“For some of them, we came into this tournament in a different way. I think also because they have been down and been out of the Silver Ferns, it has given them a different perspective on netball. It has allowed them to achieve some balance, and out of that balance you sometimes see things through a different lens. They have a better ability to handle the pressure because they know where netball sits in their life.”
M&S Bank Arena, Liverpool
The discovery of belief
Looking around the M&S Arena in Liverpool, you would barely have known the Silver Ferns were at the World Cup. Their star players did not feature on any of the banners or in the glossy marketing for the tournament - a reflection of how far the team had sunk in the international pecking order over the past 18 months.
It was all about the perennial favourites Australia, the unorthodox Jamaicans, the fast-improving South Africans and the home side England, who were hoping to cap off a remarkable period of growth for the sport in the UK with their first world title.
That suited the Ferns just fine. They were happy to fly under the radar.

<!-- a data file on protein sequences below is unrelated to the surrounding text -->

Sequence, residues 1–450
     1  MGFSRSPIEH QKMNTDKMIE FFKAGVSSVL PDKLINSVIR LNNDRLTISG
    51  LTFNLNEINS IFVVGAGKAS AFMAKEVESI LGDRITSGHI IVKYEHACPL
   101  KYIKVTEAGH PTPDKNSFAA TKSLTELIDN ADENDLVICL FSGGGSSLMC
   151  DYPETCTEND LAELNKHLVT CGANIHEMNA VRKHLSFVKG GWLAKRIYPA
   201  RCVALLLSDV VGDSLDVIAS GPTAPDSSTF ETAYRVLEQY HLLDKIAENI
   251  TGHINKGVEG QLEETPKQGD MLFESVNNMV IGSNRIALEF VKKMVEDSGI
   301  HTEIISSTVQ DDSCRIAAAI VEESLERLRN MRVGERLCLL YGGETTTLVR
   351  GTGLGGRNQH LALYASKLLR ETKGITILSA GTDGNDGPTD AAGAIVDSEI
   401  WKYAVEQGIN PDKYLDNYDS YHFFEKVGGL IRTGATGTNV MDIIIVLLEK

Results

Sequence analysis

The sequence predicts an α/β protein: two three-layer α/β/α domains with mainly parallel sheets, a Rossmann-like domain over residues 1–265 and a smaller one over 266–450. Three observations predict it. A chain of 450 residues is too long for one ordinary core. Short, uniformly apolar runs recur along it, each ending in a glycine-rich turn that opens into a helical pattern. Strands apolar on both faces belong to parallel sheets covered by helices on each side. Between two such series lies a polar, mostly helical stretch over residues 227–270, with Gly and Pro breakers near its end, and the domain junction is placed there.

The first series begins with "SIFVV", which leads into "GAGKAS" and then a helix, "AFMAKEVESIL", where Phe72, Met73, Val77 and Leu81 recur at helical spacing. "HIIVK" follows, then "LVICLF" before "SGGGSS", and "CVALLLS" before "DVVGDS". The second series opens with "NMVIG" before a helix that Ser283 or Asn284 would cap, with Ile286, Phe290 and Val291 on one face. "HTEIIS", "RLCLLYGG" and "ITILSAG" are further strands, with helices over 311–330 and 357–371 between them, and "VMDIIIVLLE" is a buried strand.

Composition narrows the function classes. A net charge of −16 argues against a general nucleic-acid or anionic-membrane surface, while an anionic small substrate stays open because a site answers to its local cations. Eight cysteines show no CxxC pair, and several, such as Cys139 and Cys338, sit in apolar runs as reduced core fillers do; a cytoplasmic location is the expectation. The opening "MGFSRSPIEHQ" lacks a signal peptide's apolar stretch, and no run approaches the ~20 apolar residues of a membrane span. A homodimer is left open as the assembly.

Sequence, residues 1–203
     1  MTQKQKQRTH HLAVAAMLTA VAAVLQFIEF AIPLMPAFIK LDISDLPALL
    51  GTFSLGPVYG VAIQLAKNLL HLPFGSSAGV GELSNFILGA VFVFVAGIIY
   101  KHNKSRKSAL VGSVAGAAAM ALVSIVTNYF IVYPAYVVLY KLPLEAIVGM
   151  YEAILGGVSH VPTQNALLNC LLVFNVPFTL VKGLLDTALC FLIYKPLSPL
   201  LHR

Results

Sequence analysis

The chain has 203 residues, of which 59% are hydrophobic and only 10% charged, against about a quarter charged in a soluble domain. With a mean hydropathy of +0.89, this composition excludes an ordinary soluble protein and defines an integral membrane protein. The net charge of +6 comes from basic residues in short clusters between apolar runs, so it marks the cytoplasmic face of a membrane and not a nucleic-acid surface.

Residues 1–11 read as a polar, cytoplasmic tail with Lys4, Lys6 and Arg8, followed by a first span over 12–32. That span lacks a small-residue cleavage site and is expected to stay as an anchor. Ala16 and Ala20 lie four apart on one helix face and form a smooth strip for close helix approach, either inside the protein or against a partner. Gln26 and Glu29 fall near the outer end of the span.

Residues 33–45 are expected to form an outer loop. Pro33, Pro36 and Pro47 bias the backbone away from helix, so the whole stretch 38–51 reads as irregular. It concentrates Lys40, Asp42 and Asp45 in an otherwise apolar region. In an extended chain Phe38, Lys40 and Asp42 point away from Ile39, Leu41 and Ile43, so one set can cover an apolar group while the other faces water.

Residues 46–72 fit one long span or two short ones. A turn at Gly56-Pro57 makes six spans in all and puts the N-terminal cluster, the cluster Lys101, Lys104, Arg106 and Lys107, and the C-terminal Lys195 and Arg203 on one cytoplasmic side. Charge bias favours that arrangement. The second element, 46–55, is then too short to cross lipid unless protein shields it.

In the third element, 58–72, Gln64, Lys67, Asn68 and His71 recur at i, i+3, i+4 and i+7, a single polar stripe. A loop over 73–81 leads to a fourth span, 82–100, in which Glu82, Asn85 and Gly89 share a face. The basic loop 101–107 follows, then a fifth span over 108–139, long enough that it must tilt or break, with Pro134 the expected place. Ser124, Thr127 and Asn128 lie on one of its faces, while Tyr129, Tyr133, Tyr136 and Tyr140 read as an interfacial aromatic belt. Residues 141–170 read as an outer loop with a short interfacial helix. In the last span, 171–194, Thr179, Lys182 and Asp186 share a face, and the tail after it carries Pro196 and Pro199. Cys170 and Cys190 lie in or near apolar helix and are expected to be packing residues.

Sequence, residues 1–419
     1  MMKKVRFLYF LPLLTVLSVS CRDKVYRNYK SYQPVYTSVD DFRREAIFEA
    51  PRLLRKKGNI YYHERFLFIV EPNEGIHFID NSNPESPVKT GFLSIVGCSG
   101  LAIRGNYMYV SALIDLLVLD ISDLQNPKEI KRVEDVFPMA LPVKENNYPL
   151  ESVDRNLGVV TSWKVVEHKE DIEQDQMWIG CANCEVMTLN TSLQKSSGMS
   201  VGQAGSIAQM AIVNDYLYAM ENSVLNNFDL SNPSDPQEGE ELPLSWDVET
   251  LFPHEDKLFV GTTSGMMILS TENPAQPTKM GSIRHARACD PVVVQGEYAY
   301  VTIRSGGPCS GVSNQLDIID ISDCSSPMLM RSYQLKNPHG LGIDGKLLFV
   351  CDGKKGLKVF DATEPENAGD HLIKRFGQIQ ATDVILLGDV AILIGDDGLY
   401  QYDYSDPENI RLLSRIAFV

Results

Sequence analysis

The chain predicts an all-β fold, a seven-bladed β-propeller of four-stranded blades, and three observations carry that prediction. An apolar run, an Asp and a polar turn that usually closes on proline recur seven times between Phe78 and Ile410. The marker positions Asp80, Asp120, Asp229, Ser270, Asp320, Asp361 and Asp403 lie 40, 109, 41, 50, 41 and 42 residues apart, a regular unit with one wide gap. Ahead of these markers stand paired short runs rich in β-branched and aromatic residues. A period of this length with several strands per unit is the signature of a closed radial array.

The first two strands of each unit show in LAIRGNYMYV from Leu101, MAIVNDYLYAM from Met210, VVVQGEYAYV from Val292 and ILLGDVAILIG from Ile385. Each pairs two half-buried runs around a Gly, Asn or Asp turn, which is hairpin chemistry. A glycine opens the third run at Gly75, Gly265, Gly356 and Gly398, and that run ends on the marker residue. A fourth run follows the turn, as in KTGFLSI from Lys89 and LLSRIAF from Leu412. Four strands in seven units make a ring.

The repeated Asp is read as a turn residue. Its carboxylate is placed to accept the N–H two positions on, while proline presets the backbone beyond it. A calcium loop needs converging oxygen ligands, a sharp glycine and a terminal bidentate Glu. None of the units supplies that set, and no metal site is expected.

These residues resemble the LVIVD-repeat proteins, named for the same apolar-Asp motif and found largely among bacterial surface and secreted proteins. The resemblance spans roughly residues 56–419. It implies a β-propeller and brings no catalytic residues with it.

The timing of their early round robin matches, scheduled for the benefit of New Zealand television audiences, also ensured they kept a low profile at the event. Their first few pool play matches were played at 9am or 11am local time, meaning they had cleared out of the venue by the time the crowds rolled in to see the big guns in action.
While the Ferns went about their business quietly during the preliminary rounds, easily dispatching Malawi, Barbados, Singapore, Zimbabwe and Northern Ireland, all the action was happening over the other side of the draw, with England, Jamaica and South Africa fighting it out for two semifinal positions.
The first big test was a crossover match against the three-time defending world champions, Australia. With both sides already assured of a place in the semifinals, the match would determine their seedings heading into the top four.
For those that read a lot into history, the concern was not that the Ferns would lose to Australia, but that they would beat them.
Four years earlier in Sydney, Waimarama Taumaunu’s side had shocked the Diamonds during pool-play, pulling off a five-goal win. That result not only fired up the Australian side, it gave them a good insight into the Ferns’ defensive structures, which had changed up ahead of the tournament.